"I structured this website so you have to jump through some hoops, and read a big warning about what types of pictures they are, and a description of why I'm doing this (before you see the photos)."

[Click here to see the website]

Simley said he doctored some photos, changing the color or fading some details, to make up for natural body decomposition and make it a little bit easier for the public to view.

He hopes that through his website and a national database of unidentified bodies and missing persons family members will recognize a defining characteristic of their relative and contact his office to arrange burial.

Simley said he knew of only one other jurisdiction that had a similar website -- Clark County, Nev. -- which had some success matching bodies with family members.  The Milwaukee website has not yet had a match since its launch in mid-December, he said.

Copyright 2012 ABC News Radio


Woman to Be Charged with Stealing Fetus, Killing Mother

Jupiterimages/Thinkstock(MILWAUKEE) -- A Milwaukee mother of three who allegedly faked a pregnancy is expected to be charged Monday with the murder of a pregnant woman and stealing her fetus. She is also expected be charged with the male fetus' death, authorities said.

The victim of the gruesome attack was identified as Maritza Ramirez-Cruz, 23, the mother of three children, who was just days away from giving birth.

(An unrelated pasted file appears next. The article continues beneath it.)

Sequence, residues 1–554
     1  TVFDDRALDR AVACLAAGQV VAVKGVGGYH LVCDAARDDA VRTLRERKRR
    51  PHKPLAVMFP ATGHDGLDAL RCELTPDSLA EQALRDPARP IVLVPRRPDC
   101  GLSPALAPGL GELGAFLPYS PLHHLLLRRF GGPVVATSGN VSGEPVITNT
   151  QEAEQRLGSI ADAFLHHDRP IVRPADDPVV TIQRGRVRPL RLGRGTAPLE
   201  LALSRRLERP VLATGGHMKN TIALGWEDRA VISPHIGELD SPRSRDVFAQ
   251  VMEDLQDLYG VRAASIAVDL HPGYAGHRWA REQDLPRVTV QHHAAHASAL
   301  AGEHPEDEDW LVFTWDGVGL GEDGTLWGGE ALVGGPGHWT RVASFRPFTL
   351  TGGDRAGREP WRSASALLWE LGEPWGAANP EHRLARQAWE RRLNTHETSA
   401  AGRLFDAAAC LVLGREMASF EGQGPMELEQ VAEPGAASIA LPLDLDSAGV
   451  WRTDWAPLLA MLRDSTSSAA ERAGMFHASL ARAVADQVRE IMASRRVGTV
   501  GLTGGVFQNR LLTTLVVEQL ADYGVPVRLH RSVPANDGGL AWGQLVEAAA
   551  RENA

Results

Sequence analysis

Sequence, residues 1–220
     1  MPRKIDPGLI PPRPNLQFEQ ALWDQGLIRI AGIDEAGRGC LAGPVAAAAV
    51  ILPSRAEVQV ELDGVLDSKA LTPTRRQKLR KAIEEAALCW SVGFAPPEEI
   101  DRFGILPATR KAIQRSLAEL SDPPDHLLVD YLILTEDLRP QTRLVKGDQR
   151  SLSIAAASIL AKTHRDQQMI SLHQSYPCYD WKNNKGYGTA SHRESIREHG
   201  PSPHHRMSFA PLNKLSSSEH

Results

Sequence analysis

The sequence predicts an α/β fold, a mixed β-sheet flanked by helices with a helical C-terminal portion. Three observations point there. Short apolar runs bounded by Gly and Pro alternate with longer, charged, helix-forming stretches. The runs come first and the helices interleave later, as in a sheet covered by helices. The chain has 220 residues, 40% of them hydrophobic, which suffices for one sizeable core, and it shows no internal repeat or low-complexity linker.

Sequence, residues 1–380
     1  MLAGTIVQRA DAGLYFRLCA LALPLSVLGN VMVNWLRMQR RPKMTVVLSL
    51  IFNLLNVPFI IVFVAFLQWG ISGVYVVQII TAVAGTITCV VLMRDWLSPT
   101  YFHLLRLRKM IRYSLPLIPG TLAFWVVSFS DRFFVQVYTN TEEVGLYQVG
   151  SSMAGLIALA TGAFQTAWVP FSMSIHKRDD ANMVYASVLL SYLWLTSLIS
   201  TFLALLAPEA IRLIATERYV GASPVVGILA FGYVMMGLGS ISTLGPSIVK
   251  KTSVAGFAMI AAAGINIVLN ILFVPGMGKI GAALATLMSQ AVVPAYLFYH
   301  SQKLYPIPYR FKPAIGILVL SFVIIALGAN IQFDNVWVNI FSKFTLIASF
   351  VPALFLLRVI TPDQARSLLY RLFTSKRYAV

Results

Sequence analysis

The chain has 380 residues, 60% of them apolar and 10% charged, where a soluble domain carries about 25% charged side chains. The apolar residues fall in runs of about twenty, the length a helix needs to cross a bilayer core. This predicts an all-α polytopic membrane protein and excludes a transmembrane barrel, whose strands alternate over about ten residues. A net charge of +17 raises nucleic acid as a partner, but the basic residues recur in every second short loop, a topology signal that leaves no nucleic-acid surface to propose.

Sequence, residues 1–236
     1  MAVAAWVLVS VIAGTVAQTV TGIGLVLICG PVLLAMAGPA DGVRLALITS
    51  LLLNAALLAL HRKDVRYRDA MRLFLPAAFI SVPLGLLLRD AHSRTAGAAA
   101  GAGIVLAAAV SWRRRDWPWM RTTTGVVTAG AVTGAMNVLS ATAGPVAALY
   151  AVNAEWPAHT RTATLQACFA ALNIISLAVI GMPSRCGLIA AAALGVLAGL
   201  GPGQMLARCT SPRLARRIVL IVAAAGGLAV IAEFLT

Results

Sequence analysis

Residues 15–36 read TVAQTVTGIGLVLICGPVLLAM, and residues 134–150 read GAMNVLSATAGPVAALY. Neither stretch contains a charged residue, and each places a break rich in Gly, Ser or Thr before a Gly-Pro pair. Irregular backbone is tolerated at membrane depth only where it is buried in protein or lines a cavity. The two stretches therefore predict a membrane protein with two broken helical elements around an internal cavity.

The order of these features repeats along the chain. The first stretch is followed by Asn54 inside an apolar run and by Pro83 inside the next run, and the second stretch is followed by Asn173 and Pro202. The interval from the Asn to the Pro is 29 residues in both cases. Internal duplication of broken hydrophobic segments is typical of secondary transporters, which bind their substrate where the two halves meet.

The Milwaukee district attorney's homicide unit is reviewing the case.

"We are anticipating criminal charges to be filed at some point later today," Kent Lovern, deputy district attorney, told Monday.

The suspect, who has not been identified by police, called 911 Thursday to claim that she had given birth, but that her baby boy wasn't breathing.

"During the ensuing investigations, detectives determined that the 33-year-old suspect was not in fact the birth mother of the baby," Milwaukee Police Chief Ed Flynn said at a news conference.

The baby died, and according to ABC News affiliate WISN, the suspect -- who neighbors say had claimed to be pregnant -- even fooled her boyfriend into believing the child was his.

Last week he wrote on his Facebook page, "My child was born yesterday and he died an hour after birth. He would have been so cute. My woman is shattered, she doesn't stop crying."

The suspect is the mother of three other children, neighbors said.